In recent years, and with the help of everyone from Dr. Dre to supermodel Kate Upton to Olympic swimmer Michael Phelps, marketing noise has roared for the first time in the headphone industry — rocketing certain brands to unprecedented heights.
Meanwhile, a little plant in Brooklyn, N.Y., Has diligently toiled away without a single advertisement since the ’60s. Founded in the 1950s by a gifted Sicilian watchmaker, Grado Labs just released its newest hand-assembled family member, the SR80e open-backed headphones (MSRP $99).
An update to an older model, the SR80e on-ears are certainly worth a listen: Thanks to their open-backed form and quality guts, these headphones deliver truly excellent sound. They won’t work for commutes or public places — open backs mean that outside noise seeps in, and inside sound leaks out — but for a private space, the Grado SR80e is an outstanding choice.
There’s no better place to begin talking about the SR80e than with its hand-assembled ensemble. For starters, these on-ear headphones are extremely comfortable. The foam speaker pads are soft and large, and the band applies enough clamping force for a firm fit, but not enough to cause aching. I wore these for the better part of a day before my ears felt tired. I also appreciated the six-foot long cable, which gave me plenty of wiggle room at my desk. The components are quite durable, as well — these headphones are built to last.
With that said, you definitely shouldn’t take these headphones with you on your commute. If you do, outside noise will mask and distort your music because of the open-backed design, and you’ll bother everyone in the vicinity with your Led Zeppelin. These belong in a quiet, stationary place.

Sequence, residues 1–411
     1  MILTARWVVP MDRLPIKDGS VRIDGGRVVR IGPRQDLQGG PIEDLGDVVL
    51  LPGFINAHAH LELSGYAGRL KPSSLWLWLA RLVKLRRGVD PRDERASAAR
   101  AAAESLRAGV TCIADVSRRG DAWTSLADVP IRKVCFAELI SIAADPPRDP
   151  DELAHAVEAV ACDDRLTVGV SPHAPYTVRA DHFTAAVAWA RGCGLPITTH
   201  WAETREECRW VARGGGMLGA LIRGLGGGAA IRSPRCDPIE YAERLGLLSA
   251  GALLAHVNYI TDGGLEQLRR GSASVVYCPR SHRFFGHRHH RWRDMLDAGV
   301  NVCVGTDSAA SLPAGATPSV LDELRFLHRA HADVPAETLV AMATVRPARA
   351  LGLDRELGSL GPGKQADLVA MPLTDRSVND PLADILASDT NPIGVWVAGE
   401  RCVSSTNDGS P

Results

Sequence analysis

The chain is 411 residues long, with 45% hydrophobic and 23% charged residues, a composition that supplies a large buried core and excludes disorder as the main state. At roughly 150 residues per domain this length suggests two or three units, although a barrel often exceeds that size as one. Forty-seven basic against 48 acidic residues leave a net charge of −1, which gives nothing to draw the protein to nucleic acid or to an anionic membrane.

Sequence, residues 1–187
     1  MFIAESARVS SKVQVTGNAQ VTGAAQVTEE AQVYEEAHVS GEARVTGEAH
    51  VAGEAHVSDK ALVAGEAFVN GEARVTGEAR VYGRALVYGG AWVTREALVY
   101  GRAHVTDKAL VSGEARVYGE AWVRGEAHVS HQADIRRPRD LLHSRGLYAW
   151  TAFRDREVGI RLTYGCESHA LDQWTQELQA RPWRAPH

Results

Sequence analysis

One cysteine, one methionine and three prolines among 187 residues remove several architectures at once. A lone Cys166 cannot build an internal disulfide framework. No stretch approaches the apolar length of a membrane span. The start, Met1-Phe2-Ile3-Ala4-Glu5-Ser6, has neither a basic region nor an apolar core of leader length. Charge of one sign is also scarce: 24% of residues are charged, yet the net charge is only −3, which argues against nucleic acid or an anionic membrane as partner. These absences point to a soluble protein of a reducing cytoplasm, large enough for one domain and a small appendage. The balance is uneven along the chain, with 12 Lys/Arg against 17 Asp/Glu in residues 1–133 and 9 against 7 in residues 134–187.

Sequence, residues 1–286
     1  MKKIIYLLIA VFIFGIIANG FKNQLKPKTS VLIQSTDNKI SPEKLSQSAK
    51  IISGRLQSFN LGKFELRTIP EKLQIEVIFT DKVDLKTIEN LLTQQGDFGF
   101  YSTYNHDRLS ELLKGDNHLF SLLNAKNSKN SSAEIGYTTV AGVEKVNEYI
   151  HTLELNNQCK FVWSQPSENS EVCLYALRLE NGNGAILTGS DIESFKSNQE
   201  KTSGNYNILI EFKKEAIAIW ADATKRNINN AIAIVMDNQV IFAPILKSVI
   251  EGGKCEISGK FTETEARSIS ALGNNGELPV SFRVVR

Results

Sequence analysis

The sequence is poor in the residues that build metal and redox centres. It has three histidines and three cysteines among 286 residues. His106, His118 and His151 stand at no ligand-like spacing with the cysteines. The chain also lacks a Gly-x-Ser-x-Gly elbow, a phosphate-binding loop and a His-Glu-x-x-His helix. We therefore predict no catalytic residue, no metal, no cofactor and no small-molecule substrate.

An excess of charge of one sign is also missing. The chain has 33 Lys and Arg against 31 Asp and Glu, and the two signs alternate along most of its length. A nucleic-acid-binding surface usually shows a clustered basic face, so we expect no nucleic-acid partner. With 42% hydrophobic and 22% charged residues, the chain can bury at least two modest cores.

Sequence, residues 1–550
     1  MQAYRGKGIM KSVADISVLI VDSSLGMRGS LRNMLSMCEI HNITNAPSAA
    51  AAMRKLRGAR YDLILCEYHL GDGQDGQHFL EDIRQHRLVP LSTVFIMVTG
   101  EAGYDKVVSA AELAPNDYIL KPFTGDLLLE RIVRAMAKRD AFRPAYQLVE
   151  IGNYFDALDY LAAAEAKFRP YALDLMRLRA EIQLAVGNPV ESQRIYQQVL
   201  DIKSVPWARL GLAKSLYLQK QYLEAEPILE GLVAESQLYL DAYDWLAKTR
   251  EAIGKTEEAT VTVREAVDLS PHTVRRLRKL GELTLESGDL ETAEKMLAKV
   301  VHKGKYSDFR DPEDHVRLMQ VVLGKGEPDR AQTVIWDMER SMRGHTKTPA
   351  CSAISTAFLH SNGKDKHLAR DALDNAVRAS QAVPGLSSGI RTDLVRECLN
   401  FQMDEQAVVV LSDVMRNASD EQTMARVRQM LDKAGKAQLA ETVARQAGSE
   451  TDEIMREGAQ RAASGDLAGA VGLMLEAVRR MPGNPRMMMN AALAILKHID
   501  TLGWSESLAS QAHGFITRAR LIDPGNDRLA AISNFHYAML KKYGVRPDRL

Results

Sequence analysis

In the right environment, listeners can slip on the SR80e headphones and enjoy excellent sound quality: Delicate musical details and gentle overtones stand out with impressive clarity. Metal coils crackling across the underside of a snare, clapping hands and twinkling chimes all emerge gracefully from the musical mix.
This level of detail is thanks to judicious balance across the entire audible spectrum. Testing revealed strong but not overpowering bass notes; perfectly audible middle notes on strings, brass and the rest; and properly emphasized high notes. From high to low, every note in the book is expertly emphasized to retain high levels of detail and clarity. In addition, the SR80e on-ears deftly avoid high amounts of perceptible distortion, or that unwanted mechanical noise that sometimes underpins your music during playback.
However, the SR80e can’t do everything well. I discovered an imbalance in volume in the left and right speakers that occurs in the high end, for example. Luckily, the flaw is mild enough that most listeners won’t notice, but it’s something for picky listeners to be on guard for, just in case.
On the topic of comparison shopping, one of the closest competitors to the SR80e is the beloved Sony MDR-7506. While the SR80e makes a great choice for private spaces, if you absolutely need affordable headphones for a public office, the MDR-7506 is probably your best bet. Still, the Grados boast lower distortion and more natural-sounding audio — so the MDR-7506 is the better choice only for those who require closed speaker backs.
So while they won’t do for commutes or public spaces because of the open-backed speakers, there are still plenty of reasons to invest in these excellent $99 Grado headphones — extremely detailed audio, plush design, and tons of clarity, to name a few.